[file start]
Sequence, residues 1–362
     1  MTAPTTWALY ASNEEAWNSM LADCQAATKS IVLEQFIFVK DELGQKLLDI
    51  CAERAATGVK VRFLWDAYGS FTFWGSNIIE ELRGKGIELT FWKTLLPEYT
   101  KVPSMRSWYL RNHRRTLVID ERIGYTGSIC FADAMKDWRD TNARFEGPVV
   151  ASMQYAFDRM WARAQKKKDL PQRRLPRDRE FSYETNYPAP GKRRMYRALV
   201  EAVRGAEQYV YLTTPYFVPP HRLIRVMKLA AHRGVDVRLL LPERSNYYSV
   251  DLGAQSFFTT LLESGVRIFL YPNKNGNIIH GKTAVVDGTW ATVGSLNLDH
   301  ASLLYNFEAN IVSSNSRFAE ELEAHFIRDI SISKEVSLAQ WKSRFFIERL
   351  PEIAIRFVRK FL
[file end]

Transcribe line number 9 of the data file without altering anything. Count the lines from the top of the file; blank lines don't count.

   351  PEIAIRFVRK FL